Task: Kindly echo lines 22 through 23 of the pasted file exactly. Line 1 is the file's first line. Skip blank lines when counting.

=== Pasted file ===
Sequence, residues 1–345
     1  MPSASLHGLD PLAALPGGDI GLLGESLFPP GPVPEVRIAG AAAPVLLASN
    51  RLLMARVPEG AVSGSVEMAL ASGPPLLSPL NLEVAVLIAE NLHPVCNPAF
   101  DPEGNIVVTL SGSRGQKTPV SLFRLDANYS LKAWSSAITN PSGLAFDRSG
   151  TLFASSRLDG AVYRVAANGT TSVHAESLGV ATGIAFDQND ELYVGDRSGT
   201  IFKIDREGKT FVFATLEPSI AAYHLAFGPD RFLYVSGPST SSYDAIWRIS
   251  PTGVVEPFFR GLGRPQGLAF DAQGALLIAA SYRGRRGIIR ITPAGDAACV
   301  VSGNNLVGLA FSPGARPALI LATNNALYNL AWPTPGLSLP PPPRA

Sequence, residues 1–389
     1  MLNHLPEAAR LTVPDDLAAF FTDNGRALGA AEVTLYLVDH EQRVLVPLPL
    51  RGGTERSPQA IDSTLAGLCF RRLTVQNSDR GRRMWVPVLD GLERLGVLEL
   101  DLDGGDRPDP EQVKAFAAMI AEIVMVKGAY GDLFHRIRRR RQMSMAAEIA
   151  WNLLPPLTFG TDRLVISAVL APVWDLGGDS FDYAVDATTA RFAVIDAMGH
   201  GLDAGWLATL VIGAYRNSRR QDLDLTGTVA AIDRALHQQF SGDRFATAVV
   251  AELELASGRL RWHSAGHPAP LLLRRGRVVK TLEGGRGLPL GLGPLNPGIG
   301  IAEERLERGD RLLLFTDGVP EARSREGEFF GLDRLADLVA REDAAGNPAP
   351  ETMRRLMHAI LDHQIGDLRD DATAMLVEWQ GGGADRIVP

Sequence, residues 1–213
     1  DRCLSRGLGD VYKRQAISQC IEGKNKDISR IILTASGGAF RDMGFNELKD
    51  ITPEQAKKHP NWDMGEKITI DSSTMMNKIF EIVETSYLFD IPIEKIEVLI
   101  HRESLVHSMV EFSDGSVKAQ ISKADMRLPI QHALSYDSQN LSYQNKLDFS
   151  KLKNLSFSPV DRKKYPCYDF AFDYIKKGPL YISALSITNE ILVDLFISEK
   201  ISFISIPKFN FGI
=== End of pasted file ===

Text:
   151  KLKNLSFSPV DRKKYPCYDF AFDYIKKGPL YISALSITNE ILVDLFISEK
   201  ISFISIPKFN FGI